Wednesday, 16 April 2008

What's the difference between a ligand and a receptor?

A ligand (in the context of biochemistry, not chemistry) is a general term for any molecule that binds to another molecule. Examples would include a hormone binding to a receptor, oxygen binding to haemoglobin, or antibodies binding to antigens.

A receptor, on the other hand, is a protein to which a signalling molecule (such as a neurotransmitter, drug, or hormone) binds specifically and stimulates a particular response by a cell.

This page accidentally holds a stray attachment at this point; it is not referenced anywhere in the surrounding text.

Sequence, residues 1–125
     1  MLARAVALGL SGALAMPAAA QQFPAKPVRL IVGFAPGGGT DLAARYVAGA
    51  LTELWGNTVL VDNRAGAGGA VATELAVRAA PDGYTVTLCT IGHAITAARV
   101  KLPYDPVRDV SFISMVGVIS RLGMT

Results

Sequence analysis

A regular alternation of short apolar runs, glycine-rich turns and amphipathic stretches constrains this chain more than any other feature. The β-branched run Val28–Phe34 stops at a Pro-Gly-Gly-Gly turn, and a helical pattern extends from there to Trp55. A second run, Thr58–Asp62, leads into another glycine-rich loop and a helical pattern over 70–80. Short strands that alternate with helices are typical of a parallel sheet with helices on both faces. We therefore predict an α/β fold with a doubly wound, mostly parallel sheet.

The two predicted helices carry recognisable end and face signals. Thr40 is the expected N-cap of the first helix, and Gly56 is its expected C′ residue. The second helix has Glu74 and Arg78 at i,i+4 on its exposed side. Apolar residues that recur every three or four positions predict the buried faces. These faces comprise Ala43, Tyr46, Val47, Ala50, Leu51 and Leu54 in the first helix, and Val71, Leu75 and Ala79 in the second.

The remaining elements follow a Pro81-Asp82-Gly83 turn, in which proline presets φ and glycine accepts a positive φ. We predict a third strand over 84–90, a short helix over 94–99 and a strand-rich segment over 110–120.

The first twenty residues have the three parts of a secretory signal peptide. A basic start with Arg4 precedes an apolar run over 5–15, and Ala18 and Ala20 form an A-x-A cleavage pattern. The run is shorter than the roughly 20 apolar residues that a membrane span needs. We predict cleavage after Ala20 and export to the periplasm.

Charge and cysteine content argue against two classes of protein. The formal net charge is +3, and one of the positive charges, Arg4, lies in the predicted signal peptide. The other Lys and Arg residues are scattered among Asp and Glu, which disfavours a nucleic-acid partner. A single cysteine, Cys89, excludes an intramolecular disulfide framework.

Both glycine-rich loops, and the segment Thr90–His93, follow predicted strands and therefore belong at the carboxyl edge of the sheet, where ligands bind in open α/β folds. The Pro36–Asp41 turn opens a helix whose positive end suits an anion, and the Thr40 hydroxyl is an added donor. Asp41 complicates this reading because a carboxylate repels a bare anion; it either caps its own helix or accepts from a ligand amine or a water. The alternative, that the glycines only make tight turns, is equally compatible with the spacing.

So, in other words, the generic term for the things that bind to receptors is... ligands.
Conversely, although ligands can bind to receptors, they can also bind lots of other molecules.

Hope that helps!

Source: Henderson's Dictionary of Biology (13th Edn.), Ed. Lawrence

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